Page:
Since these things can be resolved institutionally, why going on a wild goose chase? Nigerians don’t even have to know who the criminals are. Obasanjo, who has a very retentive memory, can tell Nigerians the people who brought back money without making noise. He only told them to go and sin no more.
Only a foolish man will appreciate that going after the biggest thieves in Nigeria is the biggest solution to our problems. God has his way of getting things work. Given the enormity of the issues we are dealing with, creating distraction should not be encouraged because once that route is taken, there would be distraction.”
Punitive anti-graft war
Not differing from Kukah’s submission, Chairman, League of Patriotic Lawyers, Abubakar Yesufu, said: “President Buhari ran as anti-corruption man and a man of integrity. It was on that basis that we campaigned for him. There is no way he can carry out his programmes without correcting the mistakes of yesteryears. We are not talking about the punitive aspect of fighting corruption; we are talking of recovery and discontinuity of corrupt practices.”
Also making his position known, a retired Police Commissioner, Alhaji Abubakar Tsav told Vanguard thus: ‘’I am grudgingly amazed at the seemingly newly acquired zeal and call to duty by the EFCC as displayed through the arrest and arraignment of three former governors and others.
Does it mean that former President Jonathan was interfering with the job of EFCC? I commend their efforts but I am yet to be convinced about their sincerity. What of the case involving Princess Stella Oduah and the first batch of former governors?
‘’I remember making eight written statements to Lamorde and even provided documentary and pictorial evidence about a former governor, but the ex governor has not appeared before any court till date. We are waiting to see if the commission will get convictions this time after Fani-Kayode’s acquittal.”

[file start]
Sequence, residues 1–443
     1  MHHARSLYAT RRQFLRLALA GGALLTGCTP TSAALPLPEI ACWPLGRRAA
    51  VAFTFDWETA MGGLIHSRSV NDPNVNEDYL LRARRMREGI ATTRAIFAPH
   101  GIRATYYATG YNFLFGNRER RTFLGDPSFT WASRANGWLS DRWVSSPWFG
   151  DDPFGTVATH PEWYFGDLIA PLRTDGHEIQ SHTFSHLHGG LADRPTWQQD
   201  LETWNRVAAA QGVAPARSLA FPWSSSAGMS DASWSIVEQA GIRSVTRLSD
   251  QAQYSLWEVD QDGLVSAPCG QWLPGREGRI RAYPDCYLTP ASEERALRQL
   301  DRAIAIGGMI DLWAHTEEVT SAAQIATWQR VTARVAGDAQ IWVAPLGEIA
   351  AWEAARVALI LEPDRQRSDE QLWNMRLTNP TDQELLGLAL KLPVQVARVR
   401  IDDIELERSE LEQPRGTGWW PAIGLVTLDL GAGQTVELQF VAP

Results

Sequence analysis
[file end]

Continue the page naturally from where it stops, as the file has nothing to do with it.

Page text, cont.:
Whether the commission would heed the advice of employing a workable method of fighting graft in the prosecution of those, who have been arrested and arraigned so far, is still to be seen.
Those currently being prosecuted include; former governor of Adamawa State, Rear Admiral Murtala Nyako (retd) and his son, Abdul-Aziz Nyako; immediate past governor of Jigawa State, Sule Lamido, and his two sons, Aminu and Mustapha, a former Head of the Civil Service of the Federation (HOS), Steven Oronsaye and ex Imo State governor, Ikedi Ohakim.
Nyako and son
The anti-graft agency arraigned Nyako and his son before a Federal High Court sitting in Abuja and presided over by Justice Evoh Chukwu on a 37-count charge of money laundering, including an alleged conversion of N240 million state funds to the development of their Hill View Estate in Mpape, Abuja, between October 2011 and June 2012, an offence punishable under Section 15 sub-section 1A of the money laundering prohibition Act, 2011.
Lamido and sons
Lamido and his two sons were arrested for an alleged N1.3 billion fraud. Operatives of the commission investigating the trio alleged that billions of naira belonging to the state government was traced to the accounts of their companies.
Oronsanye’s pension troubles
Oronsaye was arrested for alleged involvement in over N6 billion biometric pension enrolment scam.
It was learned that apart from being associated with the mismanagement of huge pension funds, he is being investigated over allegations that he used his position as the chairman of the Presidential Standing Committee on Financial Action Taskforce to fleece the government.
Ohakim’s $2.29 million case
Ohakim was arrested over allegations of money laundering and consequently arraigned before Justice Adeniyi Ademola of an Abuja Federal High Court on a three-count charge of laundering $2.29 million.
He pleaded not guilty to all the charges. He was remanded in custody and subsequently released on bail.
Nnamani’s assets forfeiture
Similarly, a Federal High Court sitting in Lagos and presided over by Justice Mohammed Yunusa ordered the forfeiture of multi-billion naira assets owned by Senator Chimaroke Nnamani, the former governor of Enugu State to the federal government.
The assets comprised of undeveloped properties and transmission equipment of Rainbownet Nigeria Limited; properties of Hill Gate Investment Limited (Cuena Phones Limited): assets of Cosmo 105.5FM, and 22 duplex buildings at Ebeano Estate, now known as Fidelity Estate.